In an ideal world, private developers would just build houses and sell them to us for a reasonable profit and all would be well. Unfortunately, geography and market forces keep that from being a viable option here - and in many, many communities around the country. One Roof, along with an impressive list of partners, including the Cook County Economic Development Authority, the I.R.R.R.B. and the Minnesota Department of Trade and Economic Development, are finally cracking this tough nut and we will all benefit.
 
This project is not for seasonal workers. The large resorts in the West End are already housing their seasonal workers in housing they built at their own expense to the tune of millions of dollars.
 
Every piece of this housing puzzle has been fitted with the other pieces to provide well built, energy efficient, aesthetically pleasing housing that middle-income people can afford. This isn’t cheap housing by any means, but it is decent, dignified, and reasonable. I’ve been a little amused by the people who suggest that the rents are too high. Of course, the rents are too high! It would be great if those who think the rents are too high would suggest ways to lower them. Every part of this effort has been undertaken with the intent to keep rents – and costs - within reason. That is the whole point.
 
The really good news is that a similar, probably larger, project is coming soon to Grand Marais and another to Tofte. Once those are done, if there is still need - and there probably will be - projects can be done where they are needed. Thank you to all who have worked so hard to craft a real-world solution to the serious shortage of housing in Cook County!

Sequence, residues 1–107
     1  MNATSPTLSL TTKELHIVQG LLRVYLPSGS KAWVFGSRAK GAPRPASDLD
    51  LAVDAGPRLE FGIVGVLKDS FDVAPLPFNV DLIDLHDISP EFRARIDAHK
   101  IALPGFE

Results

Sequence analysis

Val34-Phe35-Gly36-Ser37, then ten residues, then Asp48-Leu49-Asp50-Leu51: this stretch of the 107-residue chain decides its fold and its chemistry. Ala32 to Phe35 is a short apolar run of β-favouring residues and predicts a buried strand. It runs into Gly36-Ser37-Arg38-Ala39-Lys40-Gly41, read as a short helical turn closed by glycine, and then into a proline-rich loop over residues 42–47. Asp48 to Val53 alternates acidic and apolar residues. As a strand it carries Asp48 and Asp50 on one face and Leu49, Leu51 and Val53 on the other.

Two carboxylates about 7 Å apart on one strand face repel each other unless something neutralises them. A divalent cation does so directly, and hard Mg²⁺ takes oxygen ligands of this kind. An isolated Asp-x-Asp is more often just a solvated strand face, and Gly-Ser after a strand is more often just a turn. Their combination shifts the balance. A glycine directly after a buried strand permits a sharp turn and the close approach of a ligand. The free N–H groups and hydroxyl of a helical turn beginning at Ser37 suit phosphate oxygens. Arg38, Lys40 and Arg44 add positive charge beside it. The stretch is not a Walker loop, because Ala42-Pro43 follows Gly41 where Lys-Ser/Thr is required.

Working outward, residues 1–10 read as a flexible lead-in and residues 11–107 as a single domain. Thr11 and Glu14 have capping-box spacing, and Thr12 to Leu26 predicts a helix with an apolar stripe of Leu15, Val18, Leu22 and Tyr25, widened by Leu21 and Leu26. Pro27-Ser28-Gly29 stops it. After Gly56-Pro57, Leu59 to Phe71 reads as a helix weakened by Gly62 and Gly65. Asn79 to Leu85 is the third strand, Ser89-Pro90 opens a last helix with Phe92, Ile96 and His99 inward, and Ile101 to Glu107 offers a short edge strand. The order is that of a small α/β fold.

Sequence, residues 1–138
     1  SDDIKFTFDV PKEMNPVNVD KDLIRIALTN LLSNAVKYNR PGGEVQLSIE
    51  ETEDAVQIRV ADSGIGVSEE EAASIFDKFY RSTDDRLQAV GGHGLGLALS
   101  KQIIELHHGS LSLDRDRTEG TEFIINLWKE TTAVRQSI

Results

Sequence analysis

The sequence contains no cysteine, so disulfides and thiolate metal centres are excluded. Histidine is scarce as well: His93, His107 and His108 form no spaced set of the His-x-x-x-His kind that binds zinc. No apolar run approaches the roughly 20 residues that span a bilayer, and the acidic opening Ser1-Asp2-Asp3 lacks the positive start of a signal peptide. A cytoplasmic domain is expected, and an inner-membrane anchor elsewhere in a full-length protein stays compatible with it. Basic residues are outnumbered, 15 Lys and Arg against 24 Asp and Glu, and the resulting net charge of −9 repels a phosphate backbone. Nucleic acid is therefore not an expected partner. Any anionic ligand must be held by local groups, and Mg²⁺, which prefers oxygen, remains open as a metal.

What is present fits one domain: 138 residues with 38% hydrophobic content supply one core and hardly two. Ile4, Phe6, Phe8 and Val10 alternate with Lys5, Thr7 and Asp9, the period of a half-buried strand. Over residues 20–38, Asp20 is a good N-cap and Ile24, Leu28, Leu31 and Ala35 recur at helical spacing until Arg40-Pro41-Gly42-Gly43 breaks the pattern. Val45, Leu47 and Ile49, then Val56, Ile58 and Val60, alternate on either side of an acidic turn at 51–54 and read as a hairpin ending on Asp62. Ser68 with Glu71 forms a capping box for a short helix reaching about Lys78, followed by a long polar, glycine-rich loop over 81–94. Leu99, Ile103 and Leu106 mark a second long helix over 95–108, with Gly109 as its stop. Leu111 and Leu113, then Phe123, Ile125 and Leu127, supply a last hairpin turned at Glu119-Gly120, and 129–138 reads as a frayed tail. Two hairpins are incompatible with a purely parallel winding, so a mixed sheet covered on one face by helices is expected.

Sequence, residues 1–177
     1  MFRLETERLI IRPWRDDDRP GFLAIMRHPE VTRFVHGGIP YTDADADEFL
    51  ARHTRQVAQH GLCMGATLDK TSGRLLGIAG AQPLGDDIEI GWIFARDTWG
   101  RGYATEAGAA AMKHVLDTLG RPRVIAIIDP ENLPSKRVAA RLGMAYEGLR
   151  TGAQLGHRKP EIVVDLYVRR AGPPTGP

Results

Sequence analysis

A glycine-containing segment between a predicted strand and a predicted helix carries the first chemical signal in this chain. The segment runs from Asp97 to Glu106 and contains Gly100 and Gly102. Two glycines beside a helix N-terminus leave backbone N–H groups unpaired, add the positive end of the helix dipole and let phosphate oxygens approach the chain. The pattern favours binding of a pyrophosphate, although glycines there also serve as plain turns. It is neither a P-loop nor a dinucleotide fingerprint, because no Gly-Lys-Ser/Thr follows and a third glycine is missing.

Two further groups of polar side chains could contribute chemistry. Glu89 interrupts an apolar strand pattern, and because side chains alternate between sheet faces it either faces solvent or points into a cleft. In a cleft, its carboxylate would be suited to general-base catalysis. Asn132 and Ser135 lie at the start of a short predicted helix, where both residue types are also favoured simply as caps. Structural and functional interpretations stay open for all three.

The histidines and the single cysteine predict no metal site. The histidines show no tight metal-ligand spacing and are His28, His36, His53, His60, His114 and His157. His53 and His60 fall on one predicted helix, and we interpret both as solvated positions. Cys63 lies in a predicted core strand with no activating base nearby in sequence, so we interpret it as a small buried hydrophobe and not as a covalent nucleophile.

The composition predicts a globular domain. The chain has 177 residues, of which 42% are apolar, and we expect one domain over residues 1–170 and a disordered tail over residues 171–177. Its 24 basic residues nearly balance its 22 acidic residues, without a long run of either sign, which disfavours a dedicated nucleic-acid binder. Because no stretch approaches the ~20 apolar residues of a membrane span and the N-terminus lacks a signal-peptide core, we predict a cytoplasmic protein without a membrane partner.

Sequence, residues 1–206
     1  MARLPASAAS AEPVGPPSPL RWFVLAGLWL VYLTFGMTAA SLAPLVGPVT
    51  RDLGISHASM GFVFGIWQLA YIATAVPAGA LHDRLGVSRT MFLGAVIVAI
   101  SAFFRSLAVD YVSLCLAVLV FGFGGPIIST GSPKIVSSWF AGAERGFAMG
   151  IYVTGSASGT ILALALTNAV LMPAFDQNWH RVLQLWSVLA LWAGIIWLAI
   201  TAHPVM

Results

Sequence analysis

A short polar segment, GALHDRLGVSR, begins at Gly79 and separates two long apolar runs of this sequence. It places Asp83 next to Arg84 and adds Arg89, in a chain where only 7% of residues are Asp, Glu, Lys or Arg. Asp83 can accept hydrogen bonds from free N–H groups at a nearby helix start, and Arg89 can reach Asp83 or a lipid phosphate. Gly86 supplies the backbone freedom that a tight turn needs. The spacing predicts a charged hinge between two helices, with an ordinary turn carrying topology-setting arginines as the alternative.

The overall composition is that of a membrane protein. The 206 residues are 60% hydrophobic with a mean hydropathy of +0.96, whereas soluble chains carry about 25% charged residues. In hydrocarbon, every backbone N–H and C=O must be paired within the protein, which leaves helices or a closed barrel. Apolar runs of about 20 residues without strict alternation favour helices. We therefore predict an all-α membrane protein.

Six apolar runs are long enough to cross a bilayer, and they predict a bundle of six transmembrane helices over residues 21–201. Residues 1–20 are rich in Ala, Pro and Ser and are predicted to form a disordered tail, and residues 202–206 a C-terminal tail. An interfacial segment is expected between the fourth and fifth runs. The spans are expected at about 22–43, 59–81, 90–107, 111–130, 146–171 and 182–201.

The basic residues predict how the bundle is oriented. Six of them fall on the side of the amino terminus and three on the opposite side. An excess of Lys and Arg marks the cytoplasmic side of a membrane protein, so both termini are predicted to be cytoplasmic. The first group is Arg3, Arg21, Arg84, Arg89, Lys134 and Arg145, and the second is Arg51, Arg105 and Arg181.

It is always heart warming to see how our community rallies to solve problems and help those in need. Angela Cook, who works at the courthouse, has been dealing with very serious and costly health issues for two years. Her co-workers, the congregation at Zoar Lutheran Church in Tofte, and West End community members are holding a spaghetti dinner fundraiser at Birch Grove Community Center on Saturday, February 25, from 5 to 7 pm. There is a related raffle in progress, with many cool and valuable prizes donated by local businesses. You can buy tickets from the gals at the courthouse, at Tofte Holiday Station, and at Zoar Church.
 
As I always say about great events like this, be there, or be square.
 
For WTIP, this is Bill Hansen, filling in for Clare Shirley, with the West End News.
 

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North Woods Naturalist: Winter to date

For a while the weather was up and down, cold to snowy to unseasonably warm. WTIP’s Jay Andersen talks with naturalist Chel Anderson about January weather.

(Photo by Marilylle Soveran on Flickr)

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Witch Head Nebula

Northern Sky: February 4 - 17

Deane Morrison is a science writer at the University of Minnesota, where she authors the Minnesota Starwatch column.

Venus starts its drop into the sunset with February 17 being one of the best times for viewing. Mars can be seen to the upper left of Venus.

A full moon can be seen on February 10 with a penumbral eclipse at 5:12 pm.

 

(Photo by Stuart Rankin on Flickr)